Traci M.

Radice

April 5, 2012

Public Service Commission of Maryland Attn: David J. Collins, Executive Secretary William Donald Schaefer Tower 6 St. Paul Street, 16th Floor Baltimore, MD 21202-6808 RE: Case No. 9208 (Opt out of installation and use of Smart Meters)

Dear Mr. Collins: I write to you today as a concerned resident of Maryland, and on behalf of my family, regarding the mandatory installation of Smart Meters and the right to be allowed to deny the installation of them. Why should Marylanders be subjected to an experiment that has proven unsuccessful? Why should Marylanders be exposed involuntarily to EMF radiation unnecessarily? What makes Maryland unique when compared to the other states that are mandating moratoriums or allowing opt-out programs? I implore the PSC to read all of the materials submitted by non-utility companies and published materials in other states, and, in so doing, it will have no choice but to find that an opt-out requirement is in the public's interest. My concerns and questions are as follows: Safety and Health Without adequate testing, the PSC cannot allow mandatory installation ora Smart Meter on a customer's home. There is too much data supporting illness, privacy issues and risk of fires, and no data supporting their safety. Has BGE provided any testing results of the Smart Meters it intends to install? That is, actual results of testing for any safety defects, etc. that could lead to fire, as well as, actual test results that the harmful EMF radiation pulsing through my home 24/7 will not lead to any member of my family becoming ill. There is evidence in other states that many Smart Meters were found to be defective AFTER the installation (and after the meter caused damage to the property) because the meters were not adequately tested PRIOR to installation. Risking the lives of Marylanders is NOT in the best .interest of the PSC or the pu blic' s interest. Note that the defective meters will cause fire damage resulting in an increase in property

Mr. David J. Collins April 5,2012 Page 2

insurance

claims.

Even the non-defective meters are proven to cause illness, which will result in an increase in health insurance claims. Can BGE guarantee my house will not catch fire from the installation of a Smart Meter, as has occurred in AL, GA and CA? Ifthe answer is anything other than a solid guarantee, these meters should NOT be mandatory and pushed upon Marylanders without our consent. There have been numerous fires as a result of the installations of smart meters in other states. Insurance companies have hired independent laboratory scientists who observed cell damage and DNA chain breaks [as a result of smart meters], and now the insurance companies will not insure liability damage from wireless smart meters and other wireless devices. According to the American Academy of Environmental Medicine, current medical literature raises serious questions about genetic, cellular and hormonal effects, blood/brain barrier damage, and increased risk of certain types of cancers as a result of exposure to this radiation. Children are at risk for altered brain development, impaired learning and behavioral problems. In fact, in its January 19,2012 letter to the California Public Utilities Commission, it advised that "chronic exposure to wireless radiofrequency radiation is a preventable environmental hazard that is sufficiently well documented to warrant immediate preventative public health action." In addition, according to the Interagency Working Group (a federal interagency group which includes members from the FDA, FCC, OSHA and the EPA) the FCC safety limits for RF radiation are "not protective of public health." Evidently, FCCguidelines are inadequate for use in establishing public health standards because the existing FCCguidelines for RF safety that have been used to justify installation of smart meters are outdated and obsolete, as they do not reflect current studies of the metabolic and genomic damage from RF and ELF exposures below the level of intensity which heats tissues ..... The accumulation over time is the key here, given the chronic nature of exposure from a smart meter." The AAEM urges consideration of a moratorium on installation of wireless smart meters until "the serious public health issues are resolved", and that "continuing with their installation would be extremely irresponsible." Dr. Carpenter, public healthy physician and former Dean of School of Public Health at the University of Albany, in a public letter dated Feb. 21, 2012 advised that "the difference between a cell phone and a smart meter environment is that while the cell phone is used only intermittently a smart meter environment is continuous." Further, there have been no studies of the health effects of smart meters to knowledge. The important thing to remember here is "cumulative, aggregate exposure." (See letter from Dr. Carpenter dated 02/21/12).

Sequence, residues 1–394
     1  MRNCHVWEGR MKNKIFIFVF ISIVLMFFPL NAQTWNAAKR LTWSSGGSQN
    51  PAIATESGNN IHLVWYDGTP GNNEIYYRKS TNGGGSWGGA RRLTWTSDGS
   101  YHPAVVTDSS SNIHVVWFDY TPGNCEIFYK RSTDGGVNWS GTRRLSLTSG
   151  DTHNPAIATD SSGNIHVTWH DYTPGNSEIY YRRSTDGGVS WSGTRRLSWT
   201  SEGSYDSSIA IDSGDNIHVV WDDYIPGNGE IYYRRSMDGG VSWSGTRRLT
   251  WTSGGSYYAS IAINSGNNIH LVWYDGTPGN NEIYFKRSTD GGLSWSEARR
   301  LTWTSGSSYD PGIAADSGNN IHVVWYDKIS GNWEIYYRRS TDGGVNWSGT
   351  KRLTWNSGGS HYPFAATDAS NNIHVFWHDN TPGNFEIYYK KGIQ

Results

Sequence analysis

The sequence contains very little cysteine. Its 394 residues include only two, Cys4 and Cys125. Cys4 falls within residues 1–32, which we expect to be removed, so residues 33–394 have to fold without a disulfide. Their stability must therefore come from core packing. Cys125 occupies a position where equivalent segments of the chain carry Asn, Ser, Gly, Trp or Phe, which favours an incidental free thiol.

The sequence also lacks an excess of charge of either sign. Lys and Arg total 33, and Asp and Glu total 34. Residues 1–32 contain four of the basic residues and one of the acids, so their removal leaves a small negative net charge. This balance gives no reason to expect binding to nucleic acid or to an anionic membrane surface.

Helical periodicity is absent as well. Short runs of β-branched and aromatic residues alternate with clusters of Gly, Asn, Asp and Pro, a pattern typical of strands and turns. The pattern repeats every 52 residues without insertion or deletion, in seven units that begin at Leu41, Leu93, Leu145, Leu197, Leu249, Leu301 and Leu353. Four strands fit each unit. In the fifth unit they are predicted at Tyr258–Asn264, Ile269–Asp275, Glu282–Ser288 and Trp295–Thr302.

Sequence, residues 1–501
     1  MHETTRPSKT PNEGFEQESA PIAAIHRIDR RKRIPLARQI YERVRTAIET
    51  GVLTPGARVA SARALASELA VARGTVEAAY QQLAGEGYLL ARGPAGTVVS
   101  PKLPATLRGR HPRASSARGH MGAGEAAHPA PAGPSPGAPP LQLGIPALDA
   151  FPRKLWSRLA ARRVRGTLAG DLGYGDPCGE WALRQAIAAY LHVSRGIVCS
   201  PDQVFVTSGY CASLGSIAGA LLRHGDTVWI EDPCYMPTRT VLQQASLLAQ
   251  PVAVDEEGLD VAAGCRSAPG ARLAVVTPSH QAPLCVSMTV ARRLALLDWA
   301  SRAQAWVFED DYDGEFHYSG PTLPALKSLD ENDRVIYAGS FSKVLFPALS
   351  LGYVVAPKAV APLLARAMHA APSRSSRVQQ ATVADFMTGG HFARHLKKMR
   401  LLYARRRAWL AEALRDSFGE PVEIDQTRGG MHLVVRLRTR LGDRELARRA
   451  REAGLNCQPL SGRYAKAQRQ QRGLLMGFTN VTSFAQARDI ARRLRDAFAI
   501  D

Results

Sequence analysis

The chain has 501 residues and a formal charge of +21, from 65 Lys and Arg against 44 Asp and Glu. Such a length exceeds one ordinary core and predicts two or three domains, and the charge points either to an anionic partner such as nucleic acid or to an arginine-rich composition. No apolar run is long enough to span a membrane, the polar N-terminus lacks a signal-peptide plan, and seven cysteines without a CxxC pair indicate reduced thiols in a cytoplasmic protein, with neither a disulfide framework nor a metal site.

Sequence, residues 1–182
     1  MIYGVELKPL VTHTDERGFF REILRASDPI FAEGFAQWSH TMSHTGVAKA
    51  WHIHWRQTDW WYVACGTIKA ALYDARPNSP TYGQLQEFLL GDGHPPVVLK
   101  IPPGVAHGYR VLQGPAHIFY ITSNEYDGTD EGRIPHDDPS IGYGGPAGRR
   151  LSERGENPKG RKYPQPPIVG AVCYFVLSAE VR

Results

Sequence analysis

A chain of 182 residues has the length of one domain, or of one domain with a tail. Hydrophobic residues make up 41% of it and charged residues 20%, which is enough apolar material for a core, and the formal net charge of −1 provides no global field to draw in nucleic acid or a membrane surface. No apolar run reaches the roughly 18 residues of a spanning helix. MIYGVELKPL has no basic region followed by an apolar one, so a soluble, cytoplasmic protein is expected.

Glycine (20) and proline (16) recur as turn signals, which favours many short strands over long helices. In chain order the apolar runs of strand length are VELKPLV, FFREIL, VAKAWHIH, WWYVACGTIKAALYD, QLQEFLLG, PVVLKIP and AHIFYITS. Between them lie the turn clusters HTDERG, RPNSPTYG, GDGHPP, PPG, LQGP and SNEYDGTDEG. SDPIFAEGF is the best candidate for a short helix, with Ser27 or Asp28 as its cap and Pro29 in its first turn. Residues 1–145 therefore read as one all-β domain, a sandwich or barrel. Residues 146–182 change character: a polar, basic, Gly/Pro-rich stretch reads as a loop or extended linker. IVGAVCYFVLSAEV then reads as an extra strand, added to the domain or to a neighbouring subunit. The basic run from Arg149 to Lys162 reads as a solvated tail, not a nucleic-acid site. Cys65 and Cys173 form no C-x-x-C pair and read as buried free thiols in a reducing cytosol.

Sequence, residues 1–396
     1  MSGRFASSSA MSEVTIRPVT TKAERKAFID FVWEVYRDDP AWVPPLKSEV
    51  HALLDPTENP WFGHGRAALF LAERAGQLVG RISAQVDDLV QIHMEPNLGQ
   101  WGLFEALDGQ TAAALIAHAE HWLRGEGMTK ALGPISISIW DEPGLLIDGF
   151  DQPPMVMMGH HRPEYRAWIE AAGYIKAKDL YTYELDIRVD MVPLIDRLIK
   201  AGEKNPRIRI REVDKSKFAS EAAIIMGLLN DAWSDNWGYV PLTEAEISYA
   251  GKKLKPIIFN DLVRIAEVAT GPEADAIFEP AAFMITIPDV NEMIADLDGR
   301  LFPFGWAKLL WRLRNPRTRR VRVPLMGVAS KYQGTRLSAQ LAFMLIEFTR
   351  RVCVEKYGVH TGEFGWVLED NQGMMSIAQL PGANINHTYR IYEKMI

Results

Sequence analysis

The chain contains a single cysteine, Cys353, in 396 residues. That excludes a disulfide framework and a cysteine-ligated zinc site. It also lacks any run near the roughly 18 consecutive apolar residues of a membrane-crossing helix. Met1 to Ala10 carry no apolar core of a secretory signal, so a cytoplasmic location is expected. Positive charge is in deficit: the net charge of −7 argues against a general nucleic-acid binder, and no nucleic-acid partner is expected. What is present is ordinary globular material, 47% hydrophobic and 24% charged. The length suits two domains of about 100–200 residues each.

Mr. David J. Collins April 5, 2012 Page 3

Has Maryland requested the Health Department/Services Agency(ies) to conduct an analysis of the research on the health effects of SmartMeters? The Santa Cruz County (California) Board of Supervisors requested an analysis from the county's Health Services Agency ("agency"). (See. http.y/emfsafetynetwork.org/wpcontent/uploads /2009/ 11/H ealth -Risks-Associated -With-S martMeters. pdf.) The agency commented that to analyze the potential health risks associated with SmartMeters, 3 questions need to be asked: 1) What is the SmartMeter from the system? system and what is the potential radiation exposure

2) What scientific evidence exists about the potential health risks associated with SmartMeters? 3) Are there actions that the public might take to mitigate any potential harm from SmartMeters? All] have seen from the PSC and BGE are financial in nature, e.g., billing rates, energy savings, installation schedule tariff rate, etc. Nothing in the PSC's notice of hearing addressed the very real health risks to Marylanders. The agency noted that there is no scientific data to determine if there is a safe RF exposure level regarding its nonthermal effects (the FCCguidelines are irrelevant and cannot be used for any claims of Smart Meter safety because the current FCCguidelines were adopted in 1996 and are thermal based). Absent any scientific studies, this is a completely risky experiment and poses very real dangers to living beings. Finally, the agency called upon all governmental agencies for protecting public health and safety to be more vigilant towards involuntary environmental exposures. Program Manager for the Power Plant Research Program, along with Doreen Hill, Ph.D. of Hill Consulting, submitted a status report to the PSC on the potential human health effects associated with EMF (See